Hawke's Bay fruitgrowers are hoping for an extra 1000 Recognised Seasonal Employer workers for the next season.
New Zealand Apples and Pears CEO Alan Pollard said next season's numbers had not been set yet, but the industry was hoping for an extra 1000.
He said allocating the needed RSE workers would also help businesses who don't hire RSEs, because other forms of labour could be reallocated to them.
He said the industry needed long-term certainty around RSE numbers, to ensure they could invest in infrastructure, including accommodation, to alleviate housing pressure on the rest of the community.
Trade, strategy and policy manager at NZ Apples and Pears Gary Jones said Hawke's Bay was about 2000 workers short during the most recent season, and without an increase in RSE numbers the shortage was expected to top 2000 for the upcoming season.
"This is about half the number the industry needs for Hawke's Bay to actually pick the crop."
Jones said it would take several years to rebalance the "damaging" labour shortage the industry had developed.
He said one of the challenges Immigration Minister Iain Lees-Galloway had set the industry was to provide accommodation for seasonal workers without negatively affecting New Zealand families.
Jones said the Angus Inn and prefabricated housing on Omahu Rd were good examples of accommodation which housed RSE workers over the season, but were also used for emergency accommodation for Kiwis.
Last Friday, industry leaders and Hastings District Council met with Lees-Galloway to discuss the issue.
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Hastings Mayor Sandra Hazlehurst said accommodating RSE workers put significant pressure on the housing sector each year.
She said the district council had consents for 200 extra beds for the upcoming season, but there would still be a shortfall.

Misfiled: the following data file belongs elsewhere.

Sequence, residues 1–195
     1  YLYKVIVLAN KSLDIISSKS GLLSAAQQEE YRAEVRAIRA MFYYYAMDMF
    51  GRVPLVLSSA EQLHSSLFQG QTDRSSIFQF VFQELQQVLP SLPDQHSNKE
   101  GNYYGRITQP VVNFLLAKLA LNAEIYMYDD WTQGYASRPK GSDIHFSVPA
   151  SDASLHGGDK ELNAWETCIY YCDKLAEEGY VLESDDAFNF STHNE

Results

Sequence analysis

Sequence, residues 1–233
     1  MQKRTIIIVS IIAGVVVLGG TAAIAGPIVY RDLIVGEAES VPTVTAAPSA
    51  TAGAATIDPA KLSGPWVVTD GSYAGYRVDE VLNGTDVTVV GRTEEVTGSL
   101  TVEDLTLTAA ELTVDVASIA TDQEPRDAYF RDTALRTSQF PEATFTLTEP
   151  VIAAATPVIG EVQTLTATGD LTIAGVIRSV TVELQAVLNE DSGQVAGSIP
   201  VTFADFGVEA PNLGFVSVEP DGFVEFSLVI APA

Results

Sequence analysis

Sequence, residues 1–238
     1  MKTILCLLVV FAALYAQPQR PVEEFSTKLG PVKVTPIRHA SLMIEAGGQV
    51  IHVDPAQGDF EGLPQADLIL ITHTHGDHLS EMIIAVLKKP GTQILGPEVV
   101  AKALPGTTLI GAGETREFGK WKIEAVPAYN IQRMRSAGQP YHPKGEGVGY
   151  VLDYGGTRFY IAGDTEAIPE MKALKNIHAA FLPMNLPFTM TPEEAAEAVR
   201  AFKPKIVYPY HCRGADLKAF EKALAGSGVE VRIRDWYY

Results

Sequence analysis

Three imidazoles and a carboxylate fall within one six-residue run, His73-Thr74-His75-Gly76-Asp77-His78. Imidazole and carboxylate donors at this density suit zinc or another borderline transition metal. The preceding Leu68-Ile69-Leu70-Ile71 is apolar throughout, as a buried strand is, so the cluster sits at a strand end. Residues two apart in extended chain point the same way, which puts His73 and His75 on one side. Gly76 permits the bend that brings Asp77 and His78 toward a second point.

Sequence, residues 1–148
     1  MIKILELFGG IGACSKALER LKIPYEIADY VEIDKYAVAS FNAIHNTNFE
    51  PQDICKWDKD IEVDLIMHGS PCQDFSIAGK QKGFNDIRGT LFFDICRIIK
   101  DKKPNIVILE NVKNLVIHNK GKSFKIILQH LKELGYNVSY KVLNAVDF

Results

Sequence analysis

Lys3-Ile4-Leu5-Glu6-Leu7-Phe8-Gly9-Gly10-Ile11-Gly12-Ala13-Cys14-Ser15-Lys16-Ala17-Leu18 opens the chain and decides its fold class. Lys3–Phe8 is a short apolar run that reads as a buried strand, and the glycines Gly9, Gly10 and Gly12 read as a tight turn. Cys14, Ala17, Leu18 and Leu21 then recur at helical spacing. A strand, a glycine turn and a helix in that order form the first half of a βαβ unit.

"It's vital we work together with central government and the industry to have a plan on how we're going to house our seasonal workers as well as meet the accommodation needs of our whole community.
"The need to provide RSE workers somewhere to live is contributing to the major housing shortage we're facing in our district.
"Recent changes to the council's District Plan are designed to help relieve some of that pressure by allowing accommodation for seasonal workers to be built on orchards and in light industrial areas.
"However, orchardists need certainty around long-term RSE contracts if they are going to invest in on-site accommodation for their seasonal workers."
She said Friday's meeting provided an opportunity to look at how to provide that certainty in the long term.
Immigration New Zealand national skills and investment manager Matt Hoskin confirmed that the previous season Hawke's Bay had 4412 RSE workers approved to work in the region.
"Applications for the 2019/2020 season are only just starting to be submitted to Immigration New Zealand for processing.
"It is too early to tell how many workers will be approved for Hawke's Bay in the upcoming season."